Pundits on Twitter reacted swiftly and sharply to a photo released by the Saudi government showing Jamal Khashoggi’s son with a pained expression as he shook the hand of Crown Prince Mohammed bin Salman.
King Salman and the crown prince received Khashoggi’s son Salah and his brother Sahel at the Yamama Palace in Riyadh on Tuesday, where the two royals expressed their condolences, according to the state-run Saudi Press Agency, which ran the handshake photo.
A friend of the Khashoggi family told The Associated Press that Salah has been under a travel ban since his father began writing critically about the prince in columns for The Washington Post. The individual spoke on condition of anonymity, fearing reprisal.
Crown Prince Mohammed has come under mounting international pressure with critics suspecting he ordered the high-profile assassination, or at least knew about it.
“They brought him to the royal court to accept condolences. The look on his face. This photo makes me want to scream and throw up,” wrote Manal al-Sharif, author of Daring to Drive: a Saudi Woman’s Awakening.
Fadi Al-Qadi, a Middle East human rights advocate and commentator, also denounced the photo-op as “ruthless”.
Chris Doyle, from the Council of Arab-British Understanding, told Al Jazeera the meeting between Khashoggi’s family members and the Saudi leadership was designed to help its reputation, but the reaction on social media indicates it was yet another communications failure surrounding the murder.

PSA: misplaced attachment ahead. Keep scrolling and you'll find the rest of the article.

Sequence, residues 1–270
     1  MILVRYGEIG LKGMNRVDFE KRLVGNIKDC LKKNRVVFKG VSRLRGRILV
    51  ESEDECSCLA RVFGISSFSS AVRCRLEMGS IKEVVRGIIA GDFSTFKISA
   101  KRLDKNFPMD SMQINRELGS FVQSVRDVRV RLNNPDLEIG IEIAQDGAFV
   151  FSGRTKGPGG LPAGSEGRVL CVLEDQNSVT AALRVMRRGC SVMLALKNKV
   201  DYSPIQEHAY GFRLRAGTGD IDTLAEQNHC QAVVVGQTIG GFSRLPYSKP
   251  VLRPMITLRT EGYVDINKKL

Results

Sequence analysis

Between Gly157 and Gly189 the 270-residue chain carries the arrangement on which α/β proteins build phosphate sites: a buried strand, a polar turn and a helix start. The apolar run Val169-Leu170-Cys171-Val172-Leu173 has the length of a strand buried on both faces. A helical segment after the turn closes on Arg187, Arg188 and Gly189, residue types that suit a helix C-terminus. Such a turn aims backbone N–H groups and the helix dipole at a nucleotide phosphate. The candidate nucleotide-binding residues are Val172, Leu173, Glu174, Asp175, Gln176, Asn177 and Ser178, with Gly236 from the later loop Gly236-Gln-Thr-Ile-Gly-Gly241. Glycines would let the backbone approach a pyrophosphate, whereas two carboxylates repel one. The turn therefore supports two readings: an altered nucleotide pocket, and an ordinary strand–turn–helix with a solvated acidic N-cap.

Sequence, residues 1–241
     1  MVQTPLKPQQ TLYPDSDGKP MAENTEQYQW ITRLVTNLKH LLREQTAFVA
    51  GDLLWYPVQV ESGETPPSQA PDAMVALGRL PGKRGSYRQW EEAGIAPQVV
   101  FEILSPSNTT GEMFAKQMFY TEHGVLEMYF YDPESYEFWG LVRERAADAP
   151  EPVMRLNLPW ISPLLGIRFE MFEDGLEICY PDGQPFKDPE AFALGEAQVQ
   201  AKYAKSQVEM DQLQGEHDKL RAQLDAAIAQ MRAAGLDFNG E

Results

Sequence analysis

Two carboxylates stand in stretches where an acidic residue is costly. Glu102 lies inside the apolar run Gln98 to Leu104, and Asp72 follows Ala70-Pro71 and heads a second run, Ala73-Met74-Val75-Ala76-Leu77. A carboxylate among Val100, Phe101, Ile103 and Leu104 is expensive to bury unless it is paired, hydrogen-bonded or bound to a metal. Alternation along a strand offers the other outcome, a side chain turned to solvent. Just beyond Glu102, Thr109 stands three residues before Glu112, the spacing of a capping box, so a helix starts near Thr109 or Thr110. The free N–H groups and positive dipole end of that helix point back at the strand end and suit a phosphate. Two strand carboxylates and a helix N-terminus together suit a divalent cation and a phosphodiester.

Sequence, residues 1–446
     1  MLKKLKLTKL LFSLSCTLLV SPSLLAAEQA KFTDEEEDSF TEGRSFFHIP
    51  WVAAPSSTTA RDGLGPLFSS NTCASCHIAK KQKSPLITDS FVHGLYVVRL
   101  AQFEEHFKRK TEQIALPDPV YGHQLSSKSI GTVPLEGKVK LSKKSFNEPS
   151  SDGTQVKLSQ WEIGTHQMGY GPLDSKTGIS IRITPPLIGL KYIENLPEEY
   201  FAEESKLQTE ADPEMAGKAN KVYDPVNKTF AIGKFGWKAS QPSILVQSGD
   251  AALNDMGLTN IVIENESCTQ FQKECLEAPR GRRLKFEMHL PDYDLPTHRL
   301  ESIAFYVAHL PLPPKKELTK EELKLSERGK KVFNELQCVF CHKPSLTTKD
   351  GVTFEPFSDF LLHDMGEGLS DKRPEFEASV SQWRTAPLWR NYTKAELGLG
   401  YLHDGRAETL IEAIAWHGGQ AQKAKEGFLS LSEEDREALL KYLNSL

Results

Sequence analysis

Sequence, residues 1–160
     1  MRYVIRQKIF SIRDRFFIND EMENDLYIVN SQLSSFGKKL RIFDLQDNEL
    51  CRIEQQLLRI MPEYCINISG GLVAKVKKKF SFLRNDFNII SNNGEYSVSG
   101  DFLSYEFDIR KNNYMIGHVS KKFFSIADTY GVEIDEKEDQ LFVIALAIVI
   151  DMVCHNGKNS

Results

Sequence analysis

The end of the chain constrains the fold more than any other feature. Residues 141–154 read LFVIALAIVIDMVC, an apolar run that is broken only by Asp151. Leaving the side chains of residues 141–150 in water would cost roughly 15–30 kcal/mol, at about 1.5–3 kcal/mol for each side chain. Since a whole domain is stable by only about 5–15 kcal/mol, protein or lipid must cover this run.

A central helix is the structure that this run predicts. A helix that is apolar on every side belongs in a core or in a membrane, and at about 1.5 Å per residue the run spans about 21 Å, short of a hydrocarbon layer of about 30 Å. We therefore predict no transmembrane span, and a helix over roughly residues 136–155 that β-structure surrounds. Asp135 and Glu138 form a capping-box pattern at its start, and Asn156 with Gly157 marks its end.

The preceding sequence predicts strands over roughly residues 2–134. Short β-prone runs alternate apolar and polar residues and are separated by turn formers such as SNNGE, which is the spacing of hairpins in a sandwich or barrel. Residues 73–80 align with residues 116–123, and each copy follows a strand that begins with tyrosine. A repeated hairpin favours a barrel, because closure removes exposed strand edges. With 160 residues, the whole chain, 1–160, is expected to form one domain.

“They were seen being generous towards the family, but we see an image here that speaks 1,000 words. Really it tells such a story of the pain of Salah, Jamal Khashoggi’s son, in meeting King Salman – and particularly the crown prince,” said Doyle.
“I think many people online looking at this on social media are saying, you know, this is the face of a son who thinks he’s shaking the hand of the man who killed his father. It’s another example in this situation where some of the Saudi attempts to win the public relations war is failing.”
‘Nobody can explain it’
Saudi authorities say they have arrested 18 suspects and dismissed senior officials, but the crown prince has so far escaped blame. He has repeatedly denied any involvement in the murder.
Saudi Energy Minister Khalid al-Falih on Tuesday described Khashoggi’s killing as “abhorrent”, saying “these are difficult days for us in the kingdom of Saudi Arabia”.
“Nobody in the kingdom can justify it or explain it. From the leadership on down, we’re very upset at what has happened,” said Falih.